It is possbile to split the word ‘and’ into its grapheme/phoneme correspondences, but children may find it easier to simply remember ‘and’ by its specific letter combination too.

Also, the word ‘a’ is not pronounced in the same way as it is in ‘cat, hat, mat’. Children simply have to learn how to pronounce it when they see it as a single letter word in a phrase or sentence.

There are no capital letters introduced initially, so that children get used to lower case letters first.

This part of our reading scheme corresponds to Phase 2 of Letters and Sounds.


The next part of our reading scheme corresponds to Phase 3 of Letters and Sounds.

Our next series of books, 5A -10A and 5B – 10B, introduce the rest of the letters of the alphabet. These are ‘j, k, q, v, w, x, y, z’.

Common words, not of the form CVC, are also introduced at this stage. These words are ‘see, look, me, my, with, oh, no, very, is, has’ as well as the names Jelly, Bean, Lotty, Kevin and Wellington.

These words are introduced early in the reading scheme so that children learn that letters in words are not always pronounced in the same way, e.g. ‘e’ in ‘bed‘ is not pronounced in the same way as ‘e’ in ‘me’, and ‘o’ in ‘dog’ is not pronounced in the same way as ‘o‘ in ‘no’.

The English language has multiple correspondences for all its letters and sounds and some words are more easily learnt directly from their spellings (orthography).

As they progress through the next few books children practise reading regular CVC words, and at the same time, they learn more common non-CVC words, such as ‘to, go, you, are, said, away, for, play, down, out’, in books 11A – 16A and 11B – 16B.

Children are now developing their orthographic memory for the specific spellings of words. They are using syntax, meaning and grammar to help them identify words. They are also becoming more fluent in their reading. Words with more than one consonant at their beginning and end are also introduced. This gives children experience in blending these consonants together in words such as ‘frog, grass, skip, swim, black, bell, jump, pond’.

The next words we introduce in books 17A – 24A and 17B – 24B are those containing consonant digraphs. A digraph is two letters written together to represent one sound, e.g. ‘sh’ in ‘ship’, ‘th‘ in ‘this’, ‘ch’ in ‘chicken’, ‘ck’ in ‘duck’, ‘ng’ in ‘ring’. Words containing digraphs are included in the next set of words for children to learn directly from their spellings, i.e. ‘he, she, they, her, come, do, two, who, little, all, goes, does, water’.

Words containing vowel digraphs are also introduced at this stage so that children learn the letter combinations that represent vowels in the English language. The digraphs are ‘ay, ai, ee, oo, ow, ou, er’ as they appear in the words ‘play, rain, see, look, down, out, water’. This means that children will be able to pronounce other words with the same vowel spellings when they see them, e.g. ‘stay, laid, bee, took, town, about, over’.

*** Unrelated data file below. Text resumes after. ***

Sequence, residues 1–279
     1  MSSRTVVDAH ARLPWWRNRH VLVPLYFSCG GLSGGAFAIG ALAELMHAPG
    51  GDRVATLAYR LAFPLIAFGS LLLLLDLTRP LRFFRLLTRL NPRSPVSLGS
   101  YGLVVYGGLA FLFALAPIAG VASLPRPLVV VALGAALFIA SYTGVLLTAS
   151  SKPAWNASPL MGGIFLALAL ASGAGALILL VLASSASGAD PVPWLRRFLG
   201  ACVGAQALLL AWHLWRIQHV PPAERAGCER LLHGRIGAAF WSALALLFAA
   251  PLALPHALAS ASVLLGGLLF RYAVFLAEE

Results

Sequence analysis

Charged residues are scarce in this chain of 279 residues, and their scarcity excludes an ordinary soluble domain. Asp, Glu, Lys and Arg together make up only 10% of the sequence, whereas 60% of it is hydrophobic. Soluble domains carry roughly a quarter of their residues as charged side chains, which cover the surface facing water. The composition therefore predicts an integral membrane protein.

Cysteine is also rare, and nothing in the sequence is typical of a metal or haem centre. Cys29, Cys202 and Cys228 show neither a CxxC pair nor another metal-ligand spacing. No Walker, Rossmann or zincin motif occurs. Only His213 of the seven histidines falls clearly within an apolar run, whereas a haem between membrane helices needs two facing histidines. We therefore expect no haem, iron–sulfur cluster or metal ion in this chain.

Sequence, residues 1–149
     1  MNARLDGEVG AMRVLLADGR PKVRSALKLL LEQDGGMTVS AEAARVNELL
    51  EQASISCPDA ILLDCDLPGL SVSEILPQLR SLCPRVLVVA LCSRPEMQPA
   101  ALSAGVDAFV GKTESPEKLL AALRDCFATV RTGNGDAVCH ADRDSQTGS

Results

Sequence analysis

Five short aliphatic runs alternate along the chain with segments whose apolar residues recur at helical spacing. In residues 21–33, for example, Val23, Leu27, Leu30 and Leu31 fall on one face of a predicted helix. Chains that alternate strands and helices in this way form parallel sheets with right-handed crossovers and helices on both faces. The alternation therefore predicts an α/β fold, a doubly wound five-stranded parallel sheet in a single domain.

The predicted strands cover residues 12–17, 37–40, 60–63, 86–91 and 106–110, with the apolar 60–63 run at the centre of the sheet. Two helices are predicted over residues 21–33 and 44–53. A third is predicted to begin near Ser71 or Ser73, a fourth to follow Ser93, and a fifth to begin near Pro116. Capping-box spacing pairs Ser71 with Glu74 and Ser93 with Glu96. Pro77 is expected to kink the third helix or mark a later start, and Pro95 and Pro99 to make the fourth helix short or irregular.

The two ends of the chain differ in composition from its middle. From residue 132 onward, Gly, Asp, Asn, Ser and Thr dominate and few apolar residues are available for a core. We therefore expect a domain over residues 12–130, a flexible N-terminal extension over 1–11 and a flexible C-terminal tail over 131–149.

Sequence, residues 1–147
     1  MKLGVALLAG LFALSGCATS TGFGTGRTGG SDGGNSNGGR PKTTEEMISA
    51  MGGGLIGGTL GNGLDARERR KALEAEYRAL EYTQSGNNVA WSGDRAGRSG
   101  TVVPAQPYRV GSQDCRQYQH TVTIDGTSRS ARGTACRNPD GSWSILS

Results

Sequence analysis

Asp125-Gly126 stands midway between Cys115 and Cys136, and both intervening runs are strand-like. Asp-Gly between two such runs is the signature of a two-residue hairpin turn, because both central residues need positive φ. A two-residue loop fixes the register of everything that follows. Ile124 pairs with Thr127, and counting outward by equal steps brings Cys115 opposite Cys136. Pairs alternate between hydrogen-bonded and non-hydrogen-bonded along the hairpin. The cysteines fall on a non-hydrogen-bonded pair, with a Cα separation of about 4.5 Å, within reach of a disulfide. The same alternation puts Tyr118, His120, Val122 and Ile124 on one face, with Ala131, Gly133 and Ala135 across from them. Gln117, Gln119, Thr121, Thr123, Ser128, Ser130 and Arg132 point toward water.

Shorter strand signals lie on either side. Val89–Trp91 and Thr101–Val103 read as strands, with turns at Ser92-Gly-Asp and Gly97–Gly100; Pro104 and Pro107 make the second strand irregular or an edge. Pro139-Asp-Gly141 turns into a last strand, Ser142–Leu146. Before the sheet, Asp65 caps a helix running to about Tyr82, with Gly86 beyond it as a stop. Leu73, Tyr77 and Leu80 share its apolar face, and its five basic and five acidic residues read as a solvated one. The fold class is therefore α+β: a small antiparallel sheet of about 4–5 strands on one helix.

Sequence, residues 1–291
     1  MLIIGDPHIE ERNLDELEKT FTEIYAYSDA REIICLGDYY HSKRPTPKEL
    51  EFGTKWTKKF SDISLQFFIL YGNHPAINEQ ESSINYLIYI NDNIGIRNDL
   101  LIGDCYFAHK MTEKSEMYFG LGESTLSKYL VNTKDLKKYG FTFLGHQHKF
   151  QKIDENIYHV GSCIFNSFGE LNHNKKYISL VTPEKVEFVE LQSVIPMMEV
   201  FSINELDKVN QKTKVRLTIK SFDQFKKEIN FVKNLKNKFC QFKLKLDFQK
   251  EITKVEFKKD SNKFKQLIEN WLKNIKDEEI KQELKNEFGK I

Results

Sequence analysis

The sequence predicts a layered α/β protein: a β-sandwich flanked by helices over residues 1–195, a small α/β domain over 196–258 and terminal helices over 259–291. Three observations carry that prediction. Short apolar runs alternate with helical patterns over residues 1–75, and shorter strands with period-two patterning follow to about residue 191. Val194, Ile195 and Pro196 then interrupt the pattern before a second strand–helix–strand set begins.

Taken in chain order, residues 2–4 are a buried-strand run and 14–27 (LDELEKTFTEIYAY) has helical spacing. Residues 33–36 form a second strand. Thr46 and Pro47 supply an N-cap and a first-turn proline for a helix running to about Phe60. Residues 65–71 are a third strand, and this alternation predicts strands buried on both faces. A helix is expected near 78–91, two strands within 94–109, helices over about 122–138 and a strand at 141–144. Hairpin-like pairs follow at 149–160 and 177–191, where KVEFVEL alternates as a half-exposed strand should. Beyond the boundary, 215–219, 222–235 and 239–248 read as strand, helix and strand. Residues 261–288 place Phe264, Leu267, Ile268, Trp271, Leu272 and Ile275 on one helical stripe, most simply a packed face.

Then words with other vowel digraphs are introduced in the Early Vowels Series and English Vowels Series. These contain the English vowels sounds with the spellings ‘ar, or, ur, ea, ie, oa, oo, oy’. The words include ‘farm, storm, burn, leaf, pie, boat, moon, toy’. At this stage all the sounds of the English language have been used in the vocabulary of the stories.

More irregular words are also introduced including ‘where, there, here, some, want, move, one, watch, what’. The common vocabulary in the stories helps children to gain fluency when reading.

The stories in the later series for Phonic Phase 5 of Letters and Sounds introduce words with multiple letter/sound correspondences, e.g. the vowel sound in the middle of the words ‘storm, crawl, caught, wall’ has four different spellings, and, e.g. the letters ‘ea’ in the words ‘head, leaf, break’ are pronounced in three different ways. These multiple letter/sound correspondences make English a difficult language to learn to read and write. It is said to have a ‘deep orthography’, i.e. many spelling/sound correspondences are found in the written words.

These later stories are also written in the past tense, so that children meet words ending with ‘ed’, e.g. ‘wanted, jumped, dragged’, where the ‘ed’ is pronounced differently in each word. Common verbs like ‘saw, was, were, could, would, thought, took, came, heard’ are also introduced.

Whilst children are learning to recognise more words using their orthographic memory, they are also becoming more fluent readers at each level.

The vocabulary in the books is especially made up of common words that we hope children have already met in their spoken language. There is no intention to include uncommon words to expand children’s vocabulary at this time. The aim of the scheme is to help children turn the words they know from speaking and listening into a written form so that they get over the first hurdle on the road to becoming literate.